DBRS Morningstar’s confirmation of British Columbia’s credit rating on June 8, 2022, concludes this year’s review process by the four rating agencies. The report states B.C. has a record of “outperformance”. “Despite rising debt from a pandemic-driven deficit, which was further exacerbated by the November 2021 flooding and earlier wildfires, B.C. continues to have one of the lowest debt burdens among provinces,” DBRS’s report said.

Alongside DBRS, all rating agencies cited the strength and diversity of the Province’s economy and strong fiscal management practices, combined with considerable fiscal flexibility and high levels of contingencies as key factors behind the high ratings. A recent Fitch report, which confirmed its continued strong rating for B.C., stated that, “British Columbia remains the growth leader among its Canadian peers.” The reports also bring attention to B.C.’s environmental, social and governance (ESG) profile.

“I am pleased to see the credit rating agencies recognizing the importance of looking at investments through an ESG lens as it further illustrates the strengths our province has,” Robinson said. “We are continuing to build on B.C.’s reputation as a leader in ESG standards through a continent-leading CleanBC plan; investments in the services people count on, like housing and child care; and transparent financial and governance reporting.”

B.C. continues to have the highest credit ratings among all provinces as each rating agency conducts a detailed review following the release of the provincial budget. High credit ratings allow the Province to have lower debt servicing costs, which enables government to continue to invest in British Columbians’ priorities, creating new economic opportunities, and building a strong and diverse low-carbon economy.


Quick Facts

  • S&P affirmed B.C.’s rating at AA+ with a stable outlook on April 12, 2022.
  • Fitch Ratings affirmed B.C.’s rating at AA+ with a stable outlook on April 29, 2022.
  • Moody’s affirmed B.C.’s rating at Aaa with stable outlook on May 11, 2022.
  • DBRS Morningstar confirmed B.C.’s rating at AA (high) with a stable trend on June 8, 2022.

Learn More


Source: BC Government News

Minister’s Statement on May’s Labour Force Survey Results

Ravi Kahlon, Minister of Jobs, Economic Recovery and Innovation, has issued the following statement on the release of Statistics Canada’s Labour Force Survey for May 2022:

“As we focus on creating an economy built for everyone, B.C. continues to lead Canada’s economic recovery with the addition of 5,100 new jobs in May. B.C. saw a shift from part-time to full-time jobs with gains in the private sector.

“The unemployment rate in B.C. has dropped to a three-year low of 4.5%, which is a rate not seen since July 2019. This is a significant improvement from 5.4% in April 2022 and 7.0% from a year ago in May, 2021. There are now nearly 100,000 more people working in B.C. than prior to the pandemic.

“Our unemployment rate throughout the province shows our efforts to build a StrongerBC. Led by Victoria at 4.0%, other cities of note are Prince George at 4.4% (not seasonally adjusted), Abbotsford-Mission at 4.4% and Kelowna at 4.5%.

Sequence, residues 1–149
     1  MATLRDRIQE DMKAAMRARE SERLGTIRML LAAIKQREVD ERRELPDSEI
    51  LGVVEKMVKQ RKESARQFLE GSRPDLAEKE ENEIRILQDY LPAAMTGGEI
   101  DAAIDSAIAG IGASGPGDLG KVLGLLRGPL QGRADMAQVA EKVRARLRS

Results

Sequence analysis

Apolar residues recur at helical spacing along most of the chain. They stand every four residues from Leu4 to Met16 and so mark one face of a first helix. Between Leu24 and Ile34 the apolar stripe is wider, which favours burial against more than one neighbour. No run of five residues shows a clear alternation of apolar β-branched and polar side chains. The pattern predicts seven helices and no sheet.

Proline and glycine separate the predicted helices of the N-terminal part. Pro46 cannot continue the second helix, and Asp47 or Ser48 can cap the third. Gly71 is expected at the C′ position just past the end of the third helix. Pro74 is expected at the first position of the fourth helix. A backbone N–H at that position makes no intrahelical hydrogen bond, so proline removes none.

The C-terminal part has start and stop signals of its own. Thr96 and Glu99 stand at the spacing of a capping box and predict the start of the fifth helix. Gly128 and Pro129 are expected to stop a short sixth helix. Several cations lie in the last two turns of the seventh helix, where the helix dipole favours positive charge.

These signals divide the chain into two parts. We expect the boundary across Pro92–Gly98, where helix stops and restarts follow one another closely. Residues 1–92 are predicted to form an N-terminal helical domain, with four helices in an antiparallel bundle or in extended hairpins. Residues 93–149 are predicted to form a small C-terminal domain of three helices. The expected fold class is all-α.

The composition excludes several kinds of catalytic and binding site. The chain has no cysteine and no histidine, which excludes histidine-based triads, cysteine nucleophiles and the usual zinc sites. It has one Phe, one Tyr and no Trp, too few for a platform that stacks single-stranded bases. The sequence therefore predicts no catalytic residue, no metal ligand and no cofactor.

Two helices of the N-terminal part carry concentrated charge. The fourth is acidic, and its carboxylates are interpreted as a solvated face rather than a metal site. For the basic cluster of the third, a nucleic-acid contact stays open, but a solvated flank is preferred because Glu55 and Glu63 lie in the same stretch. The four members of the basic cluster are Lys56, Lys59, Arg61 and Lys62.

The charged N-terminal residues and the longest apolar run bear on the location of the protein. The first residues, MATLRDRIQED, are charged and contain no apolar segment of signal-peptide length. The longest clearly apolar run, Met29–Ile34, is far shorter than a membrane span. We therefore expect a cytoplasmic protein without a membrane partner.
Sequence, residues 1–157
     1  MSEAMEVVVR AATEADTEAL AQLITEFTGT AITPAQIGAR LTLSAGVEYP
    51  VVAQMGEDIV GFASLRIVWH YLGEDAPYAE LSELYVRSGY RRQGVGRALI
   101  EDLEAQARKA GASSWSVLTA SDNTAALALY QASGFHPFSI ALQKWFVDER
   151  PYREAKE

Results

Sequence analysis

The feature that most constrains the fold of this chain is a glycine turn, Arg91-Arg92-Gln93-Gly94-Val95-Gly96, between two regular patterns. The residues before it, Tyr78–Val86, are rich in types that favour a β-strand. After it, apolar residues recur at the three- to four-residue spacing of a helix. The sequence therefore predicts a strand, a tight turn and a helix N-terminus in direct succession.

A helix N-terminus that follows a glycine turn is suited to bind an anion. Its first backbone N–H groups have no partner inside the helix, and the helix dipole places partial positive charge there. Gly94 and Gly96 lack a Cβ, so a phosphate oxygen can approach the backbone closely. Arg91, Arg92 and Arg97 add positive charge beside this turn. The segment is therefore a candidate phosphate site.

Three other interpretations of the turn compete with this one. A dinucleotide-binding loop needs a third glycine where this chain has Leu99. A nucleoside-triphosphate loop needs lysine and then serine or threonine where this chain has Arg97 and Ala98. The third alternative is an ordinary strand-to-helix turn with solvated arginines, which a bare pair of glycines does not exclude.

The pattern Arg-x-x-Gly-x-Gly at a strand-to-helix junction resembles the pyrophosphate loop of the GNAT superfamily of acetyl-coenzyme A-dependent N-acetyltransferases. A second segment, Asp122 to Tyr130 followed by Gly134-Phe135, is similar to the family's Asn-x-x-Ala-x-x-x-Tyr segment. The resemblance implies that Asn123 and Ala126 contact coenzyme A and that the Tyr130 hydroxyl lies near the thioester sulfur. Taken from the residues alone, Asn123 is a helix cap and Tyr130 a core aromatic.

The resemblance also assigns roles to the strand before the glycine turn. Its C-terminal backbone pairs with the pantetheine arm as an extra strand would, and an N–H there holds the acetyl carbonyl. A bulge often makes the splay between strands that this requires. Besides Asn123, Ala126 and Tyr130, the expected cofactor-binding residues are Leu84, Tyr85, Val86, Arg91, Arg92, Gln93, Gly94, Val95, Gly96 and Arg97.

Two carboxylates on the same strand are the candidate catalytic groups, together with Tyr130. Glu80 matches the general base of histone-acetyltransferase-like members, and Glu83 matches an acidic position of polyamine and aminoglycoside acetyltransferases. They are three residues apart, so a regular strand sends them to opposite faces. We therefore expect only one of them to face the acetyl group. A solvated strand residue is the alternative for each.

Minister’s Statement on May’s Labour Force Survey Results

Government of BC | Ministry of Jobs, Economic Recovery and Innovation | Friday, June 10, 2022

Ravi Kahlon, Minister of Jobs, Economic Recovery and Innovation, has issued the following statement on the release of Statistics Canada’s Labour Force Survey for May 2022:

“As we focus on creating an economy built for everyone, B.C. continues to lead Canada’s economic recovery with the addition of 5,100 new jobs in May. B.C. saw a shift from part-time to full-time jobs with gains in the private sector.

“The unemployment rate in B.C. has dropped to a three-year low of 4.5%, which is a rate not seen since July 2019. This is a significant improvement from 5.4% in April 2022 and 7.0% from a year ago in May, 2021. There are now nearly 100,000 more people working in B.C. than prior to the pandemic.

“Our unemployment rate throughout the province shows our efforts to build a StrongerBC. Led by Victoria at 4.0%, other cities of note are Prince George at 4.4% (not seasonally adjusted), Abbotsford-Mission at 4.4% and Kelowna at 4.5%.

“May and June mark the start of many students re-entering the workforce for part-time seasonal employment. This is welcome news for many businesses facing labour shortages, especially in the hospitality and tourism sector.

“But we know we need to do more. Right now, there are more jobs than people in the province. That’s why we need to redouble our efforts to bring people to B.C. and build on our recovery by investing in the jobs of tomorrow through our StrongerBC Economic Plan.

“With more than one million jobs forecast over the next decade, we remain laser-focused on meeting our generational commitment to close the skills gap and train more people for the jobs of the future.

“And we’re getting the word out of our skilled labour force internationally. On my recent 10-day trade mission to Europe, we signed agreements with the Netherlands and Finland to help create opportunities and jobs for British Columbians in fields such as agritech and mass timber.